For me, most of all, it was the place of deep, valuable, long-lasting friendships. Friendships that were carved out while baking party potatoes, while figuring out how to lead a houseful of women, while cleaning bathrooms together and painting porches. Friendships that were made during late-night conversations, rowdy half-hours and saran-wrapped dorm beds (use heavy-duty saran and a hairdryer, just a tip from me to you).

I have written before about my dear, sweet, silly friend Rachel, who died so suddenly just six years ago. I can hardly overstate how heart-wrenching it was to lose her; and how every day, still, I think of things to tell her that only she could truly appreciate. I was blessed to have a friend so wonderful that it hurt so much when she was gone. Yet some of my most favorite memories of Rachel were of late-night talks, of sleepy-Rachel-in-the-morning, of all of us in our 4-H House sweatshirts and laughing until it hurt. Of crazy answering machine messages and silliness and fuzzy blue slippers.

What I would have missed out on had we not lived together. Had it not been for 4-H House. That hurts to think about.

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  1. social signals provider of content-creaters.com says:

    I’m impressed, I must say. Really rarely do I encounter a blog that’s both educative and entertaining, and let me tell you, you have hit the nail on the head. Your idea is outstanding; the issue is something that not enough people are speaking intelligently about. I am very happy that I stumbled across this in my search for something relating to this.

  2. H. Spangler says:

    Wow! I am overwhelmed by your responses. And so glad to hear of so many positive 4-H House experiences, across so many generations. It speaks volumes about the house's ability to welcome young women into its arms. And yet, clearly and according the most-recent anonymous comment, not all are positive. I don't think anyone involved with 4-H House would declare the interviewing process a perfect one – that doesn't exist, in any housing unit. But I also don't think you can argue both against and for preferential treatment in the same comment. And I really hope that any girl, regardless of her hometown or any stories she may have heard, will take an honest look at the house and decide for herself whether it's the right place for her. I'd hate for anyone to miss out on that opportunity. --Holly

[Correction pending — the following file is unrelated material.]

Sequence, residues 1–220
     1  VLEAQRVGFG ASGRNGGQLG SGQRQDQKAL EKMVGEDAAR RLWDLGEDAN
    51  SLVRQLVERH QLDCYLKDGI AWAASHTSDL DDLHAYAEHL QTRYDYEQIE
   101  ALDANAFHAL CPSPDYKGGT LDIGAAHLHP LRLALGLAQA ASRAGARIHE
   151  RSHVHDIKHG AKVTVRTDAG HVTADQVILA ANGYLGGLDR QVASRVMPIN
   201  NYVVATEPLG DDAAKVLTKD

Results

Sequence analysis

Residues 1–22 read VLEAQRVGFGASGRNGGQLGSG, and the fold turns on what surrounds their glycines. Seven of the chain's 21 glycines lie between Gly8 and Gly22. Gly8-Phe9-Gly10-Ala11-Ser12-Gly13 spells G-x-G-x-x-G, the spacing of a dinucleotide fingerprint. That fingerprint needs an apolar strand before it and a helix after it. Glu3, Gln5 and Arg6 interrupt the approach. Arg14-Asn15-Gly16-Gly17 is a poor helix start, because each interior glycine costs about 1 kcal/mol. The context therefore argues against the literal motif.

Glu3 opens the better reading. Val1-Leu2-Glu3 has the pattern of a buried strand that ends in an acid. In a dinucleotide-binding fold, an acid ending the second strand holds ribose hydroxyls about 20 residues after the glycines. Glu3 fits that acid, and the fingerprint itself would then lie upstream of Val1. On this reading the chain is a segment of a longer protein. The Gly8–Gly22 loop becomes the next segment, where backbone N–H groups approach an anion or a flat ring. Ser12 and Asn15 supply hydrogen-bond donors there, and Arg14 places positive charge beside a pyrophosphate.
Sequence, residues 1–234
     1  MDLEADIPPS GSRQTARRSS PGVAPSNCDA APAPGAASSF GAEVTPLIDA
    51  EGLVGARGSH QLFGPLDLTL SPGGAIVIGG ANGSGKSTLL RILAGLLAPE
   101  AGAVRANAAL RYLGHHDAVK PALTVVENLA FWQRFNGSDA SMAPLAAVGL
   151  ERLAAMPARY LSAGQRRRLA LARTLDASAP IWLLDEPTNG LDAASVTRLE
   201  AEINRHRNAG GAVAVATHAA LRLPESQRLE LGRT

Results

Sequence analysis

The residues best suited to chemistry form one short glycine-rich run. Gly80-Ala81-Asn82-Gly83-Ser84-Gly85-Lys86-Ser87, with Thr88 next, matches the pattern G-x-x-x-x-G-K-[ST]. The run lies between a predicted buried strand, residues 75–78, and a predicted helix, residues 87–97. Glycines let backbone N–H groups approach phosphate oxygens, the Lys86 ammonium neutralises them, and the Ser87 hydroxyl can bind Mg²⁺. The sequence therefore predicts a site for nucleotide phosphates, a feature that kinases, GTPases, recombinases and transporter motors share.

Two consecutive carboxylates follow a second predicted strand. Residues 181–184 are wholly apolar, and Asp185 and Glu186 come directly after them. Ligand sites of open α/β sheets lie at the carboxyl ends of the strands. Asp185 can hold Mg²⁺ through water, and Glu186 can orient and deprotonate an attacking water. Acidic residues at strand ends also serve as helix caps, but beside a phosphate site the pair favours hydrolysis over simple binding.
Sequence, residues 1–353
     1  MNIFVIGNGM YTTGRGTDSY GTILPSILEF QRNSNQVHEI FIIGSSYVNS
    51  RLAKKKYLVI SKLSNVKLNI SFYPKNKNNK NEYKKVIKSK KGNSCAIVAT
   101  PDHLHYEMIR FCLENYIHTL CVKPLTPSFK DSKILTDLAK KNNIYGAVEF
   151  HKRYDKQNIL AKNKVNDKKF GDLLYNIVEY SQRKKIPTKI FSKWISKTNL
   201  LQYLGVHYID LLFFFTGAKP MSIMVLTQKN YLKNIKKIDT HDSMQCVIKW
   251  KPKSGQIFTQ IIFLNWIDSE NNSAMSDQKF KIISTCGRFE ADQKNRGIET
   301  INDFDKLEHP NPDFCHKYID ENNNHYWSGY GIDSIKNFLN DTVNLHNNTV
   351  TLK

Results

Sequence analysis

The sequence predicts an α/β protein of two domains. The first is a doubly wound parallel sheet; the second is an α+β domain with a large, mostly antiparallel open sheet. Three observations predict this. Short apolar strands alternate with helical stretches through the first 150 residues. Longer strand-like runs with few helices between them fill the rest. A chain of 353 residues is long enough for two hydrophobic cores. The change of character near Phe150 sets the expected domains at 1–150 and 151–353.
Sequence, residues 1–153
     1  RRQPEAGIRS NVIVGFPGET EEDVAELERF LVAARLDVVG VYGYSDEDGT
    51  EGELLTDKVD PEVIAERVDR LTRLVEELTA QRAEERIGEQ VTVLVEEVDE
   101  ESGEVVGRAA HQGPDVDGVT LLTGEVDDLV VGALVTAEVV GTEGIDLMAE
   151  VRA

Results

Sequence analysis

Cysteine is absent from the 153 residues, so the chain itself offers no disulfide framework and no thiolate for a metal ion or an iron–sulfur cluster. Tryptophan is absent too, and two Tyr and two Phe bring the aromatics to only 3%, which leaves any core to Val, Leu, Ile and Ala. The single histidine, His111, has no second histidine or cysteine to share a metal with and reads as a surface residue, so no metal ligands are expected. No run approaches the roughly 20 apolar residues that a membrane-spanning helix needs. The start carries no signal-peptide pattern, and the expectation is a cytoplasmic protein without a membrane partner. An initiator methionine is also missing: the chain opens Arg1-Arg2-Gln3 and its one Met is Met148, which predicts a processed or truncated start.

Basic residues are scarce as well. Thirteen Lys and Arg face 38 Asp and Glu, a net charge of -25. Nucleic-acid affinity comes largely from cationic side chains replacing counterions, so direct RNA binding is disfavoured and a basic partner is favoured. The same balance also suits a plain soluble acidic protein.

3. Anonymous says:

    4-H house has strangled itself with a lack of diversity. Too much nepotism. Too many bright girls not let in. Others in their area no longer apply. Two examples: granddaughter of one of the "4-H House Cookbook" that made tens of thousands for the house wasn't good enough (now she's an engineer); nor was a girl whose father and grandfather did free repair and maintenance for ten years (she's now a medical professional. No one from their home areas even bothers to apply any more.

  4. Anonymous says:

    Where would I be without 4-H House? A retired tray girl from the local hospital! A person who would have missed out on the special joys of being a 4-H House girl! I would have missed out on the friendships and love that have seen me through the good times and the bad for the past 43 years. What I found amazing while helping to plan the 75th 4-H House celebration was that my life was fuller because of the women who belong to this sisterhood. I hadn’t met most of the committee before we started working on our task and indeed we did not meet in person until we arrived on campus but it didn’t matter, we were all sisters and each could be counted on to do what they said they would do. Each brought a special set of talents and together we did Ms McKee and the “Pearls” proud! For those of you fortunate enough to have been there, please reread “Our Stories,” remember “Our Songs,” and cook and bake “Our Recipes.” This sisterhood is too important and too special to be lost. Each of us fortunate enough to have lived there must rally and do whatever it is we are good at to make sure it is perpetuated for the sisters yet to be brought into our circle. Pat Fuchs '68

  5. Anonymous says:

    Thanks for posting this, Holly! I'm a senior, and much like you have had similar experiences. My U of I experience would not have been half of what it has been if it weren't for this house. Knowing that I have a "home" to go to every day after class is comforting. The memories I've made are endless. I don't know how many job interviews I've been in where my 4-H House experience has helped me either in answering questions, or been a great opportunity to be an ambassador for what we do - to show that we know what it's like to work in teams, be professional, learn to handle conflict, and the list goes on. Cooperative - it's what we do best! Thanks again for a great read!